No rules against drones at Highline

By Kelsey Par - Staff Reporter

For the last few years, the Federal Aviation Administration has been battling with consumers on the subject of drones.

The FAA is predicting that more than 2.5 million drones will be sold in 2016.

There have been several instances where drones have crashed into buildings, airplanes, people and have even been used to watch people without their knowledge.

However, peeping into your neighbor's window and crashing into the Space Needle aren't the recommended use for drones.

Beyond recreational use, drones can be used for a variety of purposes. They have been used to help farmers, assist in construction, sell real estate, fight crime, observe wildlife, guard the border and even deliver medicine.

For those wanting to use drones simply for entertainment, the FAA is enforcing a new set of rules.

"Highline College currently does not have specific policies or rules on the use of drones on campus," said Michael Pham, vice president for Administration. However, there are rules and regulations enforced by the FAA that must be followed:

Drones must not be flown more than 400 feet above ground level; drones must not be flown within five miles of an airport or landing strip; drones must be kept in line of sight; crafts must not be flown in National Oceanic and Atmospheric zones or flight restricted zones; and they shouldn't be flown near pedestrians, wildlife, or private property.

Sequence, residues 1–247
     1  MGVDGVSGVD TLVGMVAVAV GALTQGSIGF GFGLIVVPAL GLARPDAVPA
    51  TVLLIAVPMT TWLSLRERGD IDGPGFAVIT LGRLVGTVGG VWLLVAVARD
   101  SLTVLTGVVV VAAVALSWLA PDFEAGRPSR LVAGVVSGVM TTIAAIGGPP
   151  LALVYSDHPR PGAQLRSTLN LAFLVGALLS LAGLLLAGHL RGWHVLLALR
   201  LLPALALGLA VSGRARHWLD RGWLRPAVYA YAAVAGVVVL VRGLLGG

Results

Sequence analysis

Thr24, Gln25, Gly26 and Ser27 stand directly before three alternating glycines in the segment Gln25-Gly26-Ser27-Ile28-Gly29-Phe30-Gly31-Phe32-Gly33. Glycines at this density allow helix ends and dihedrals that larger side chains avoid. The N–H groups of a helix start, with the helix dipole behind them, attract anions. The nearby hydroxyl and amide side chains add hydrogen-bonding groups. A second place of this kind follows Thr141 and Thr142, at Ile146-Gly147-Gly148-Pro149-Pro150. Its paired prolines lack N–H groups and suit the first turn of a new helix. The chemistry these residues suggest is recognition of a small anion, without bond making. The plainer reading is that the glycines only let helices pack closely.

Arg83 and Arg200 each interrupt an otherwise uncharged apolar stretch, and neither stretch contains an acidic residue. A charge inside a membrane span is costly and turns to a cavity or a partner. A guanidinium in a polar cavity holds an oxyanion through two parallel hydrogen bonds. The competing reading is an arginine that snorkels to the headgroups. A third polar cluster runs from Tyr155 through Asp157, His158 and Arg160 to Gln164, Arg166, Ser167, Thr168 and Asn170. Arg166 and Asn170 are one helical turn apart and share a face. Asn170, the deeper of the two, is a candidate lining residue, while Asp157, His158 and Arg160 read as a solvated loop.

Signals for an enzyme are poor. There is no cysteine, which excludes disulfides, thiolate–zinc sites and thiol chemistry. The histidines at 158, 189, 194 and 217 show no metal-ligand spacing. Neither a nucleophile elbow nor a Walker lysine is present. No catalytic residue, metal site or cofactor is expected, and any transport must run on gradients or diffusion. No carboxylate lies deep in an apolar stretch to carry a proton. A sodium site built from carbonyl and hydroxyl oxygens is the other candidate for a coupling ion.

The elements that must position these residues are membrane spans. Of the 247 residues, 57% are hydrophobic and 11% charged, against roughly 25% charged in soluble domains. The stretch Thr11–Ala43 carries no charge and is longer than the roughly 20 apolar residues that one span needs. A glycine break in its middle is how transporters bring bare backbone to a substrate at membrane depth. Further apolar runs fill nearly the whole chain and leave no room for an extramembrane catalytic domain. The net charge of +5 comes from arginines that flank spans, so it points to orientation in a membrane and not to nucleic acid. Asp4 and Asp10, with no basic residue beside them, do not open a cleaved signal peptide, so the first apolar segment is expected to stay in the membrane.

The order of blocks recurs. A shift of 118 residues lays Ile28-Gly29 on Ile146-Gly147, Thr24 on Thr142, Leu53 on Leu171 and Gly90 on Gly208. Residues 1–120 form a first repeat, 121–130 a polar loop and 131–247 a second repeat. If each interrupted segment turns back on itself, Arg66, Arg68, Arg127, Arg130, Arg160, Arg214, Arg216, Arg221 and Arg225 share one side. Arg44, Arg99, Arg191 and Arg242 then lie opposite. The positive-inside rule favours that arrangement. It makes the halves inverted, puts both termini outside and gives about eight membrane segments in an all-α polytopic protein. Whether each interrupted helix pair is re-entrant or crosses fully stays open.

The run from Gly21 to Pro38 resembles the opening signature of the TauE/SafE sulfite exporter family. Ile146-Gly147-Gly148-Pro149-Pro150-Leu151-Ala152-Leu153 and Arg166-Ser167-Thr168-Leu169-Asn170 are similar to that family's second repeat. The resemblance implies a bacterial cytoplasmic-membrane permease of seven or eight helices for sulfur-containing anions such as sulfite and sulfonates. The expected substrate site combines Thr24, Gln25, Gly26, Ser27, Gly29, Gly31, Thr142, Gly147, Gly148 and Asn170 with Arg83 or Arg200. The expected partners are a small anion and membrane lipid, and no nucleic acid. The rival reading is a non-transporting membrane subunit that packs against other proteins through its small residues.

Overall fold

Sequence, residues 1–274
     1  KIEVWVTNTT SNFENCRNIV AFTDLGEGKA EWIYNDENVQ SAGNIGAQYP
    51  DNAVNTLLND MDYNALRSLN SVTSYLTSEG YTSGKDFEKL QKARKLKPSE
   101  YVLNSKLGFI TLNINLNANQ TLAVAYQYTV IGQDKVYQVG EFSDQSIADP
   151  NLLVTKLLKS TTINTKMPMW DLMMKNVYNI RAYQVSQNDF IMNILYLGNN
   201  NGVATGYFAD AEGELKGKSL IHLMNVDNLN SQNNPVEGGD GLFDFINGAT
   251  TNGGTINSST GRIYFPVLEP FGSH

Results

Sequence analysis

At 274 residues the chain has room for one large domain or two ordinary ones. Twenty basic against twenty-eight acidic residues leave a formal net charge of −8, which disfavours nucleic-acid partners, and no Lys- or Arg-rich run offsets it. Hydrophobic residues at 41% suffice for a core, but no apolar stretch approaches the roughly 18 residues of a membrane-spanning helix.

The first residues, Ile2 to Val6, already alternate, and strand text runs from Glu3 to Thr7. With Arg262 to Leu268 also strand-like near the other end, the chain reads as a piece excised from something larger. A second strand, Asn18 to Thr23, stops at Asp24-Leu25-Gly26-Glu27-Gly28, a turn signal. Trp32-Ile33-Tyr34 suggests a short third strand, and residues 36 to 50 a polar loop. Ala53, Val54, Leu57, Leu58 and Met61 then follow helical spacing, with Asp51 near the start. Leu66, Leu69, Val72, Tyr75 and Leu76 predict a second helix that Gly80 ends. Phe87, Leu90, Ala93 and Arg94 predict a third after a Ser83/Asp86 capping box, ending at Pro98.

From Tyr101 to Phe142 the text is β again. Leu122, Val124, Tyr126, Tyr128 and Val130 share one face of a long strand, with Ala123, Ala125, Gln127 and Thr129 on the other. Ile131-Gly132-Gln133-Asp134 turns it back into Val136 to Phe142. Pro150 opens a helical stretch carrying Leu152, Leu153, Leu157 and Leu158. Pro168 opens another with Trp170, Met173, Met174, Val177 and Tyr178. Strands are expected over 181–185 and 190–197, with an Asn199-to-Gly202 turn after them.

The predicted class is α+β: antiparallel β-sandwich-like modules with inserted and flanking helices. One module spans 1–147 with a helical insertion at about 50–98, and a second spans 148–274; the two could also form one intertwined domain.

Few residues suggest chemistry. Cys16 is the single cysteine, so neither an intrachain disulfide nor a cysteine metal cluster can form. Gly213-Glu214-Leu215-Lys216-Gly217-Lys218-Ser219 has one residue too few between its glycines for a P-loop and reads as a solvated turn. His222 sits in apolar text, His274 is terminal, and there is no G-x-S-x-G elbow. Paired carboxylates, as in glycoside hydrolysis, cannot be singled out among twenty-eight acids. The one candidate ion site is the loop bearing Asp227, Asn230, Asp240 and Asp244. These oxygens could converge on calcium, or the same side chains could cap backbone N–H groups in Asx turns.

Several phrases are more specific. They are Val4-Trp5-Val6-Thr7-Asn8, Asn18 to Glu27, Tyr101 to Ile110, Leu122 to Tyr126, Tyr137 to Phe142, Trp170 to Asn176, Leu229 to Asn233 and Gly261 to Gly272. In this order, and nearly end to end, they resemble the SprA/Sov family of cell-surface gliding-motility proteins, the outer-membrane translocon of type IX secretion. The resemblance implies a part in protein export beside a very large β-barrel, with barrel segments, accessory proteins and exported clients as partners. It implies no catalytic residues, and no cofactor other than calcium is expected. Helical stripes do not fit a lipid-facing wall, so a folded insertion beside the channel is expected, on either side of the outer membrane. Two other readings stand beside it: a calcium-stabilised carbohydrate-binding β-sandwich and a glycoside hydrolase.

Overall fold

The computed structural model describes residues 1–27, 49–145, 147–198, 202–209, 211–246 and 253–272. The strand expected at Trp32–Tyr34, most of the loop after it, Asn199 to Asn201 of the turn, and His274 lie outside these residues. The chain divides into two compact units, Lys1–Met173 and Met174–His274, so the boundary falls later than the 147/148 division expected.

Drones must always yield right of way to manned aircraft.

Drones weighing over 0.55 pounds are required to be registered by the FAA. Drones can't weigh more than 55 pounds. If your drone is not registered you may face legal consequences.

Before flying your drone, fill out an online drone registration application at Next your registration process will begin and a registration certificate will be emailed to you shortly after. You will then receive a registration number to mark on each drone that will be tied to the owner.

Drones can be registered online at For more information, visit or call 866-835-5322.

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No rules against drones at Highline

For the last few years, the Federal Aviation Administration has been battling with consumers on the subject of drones.

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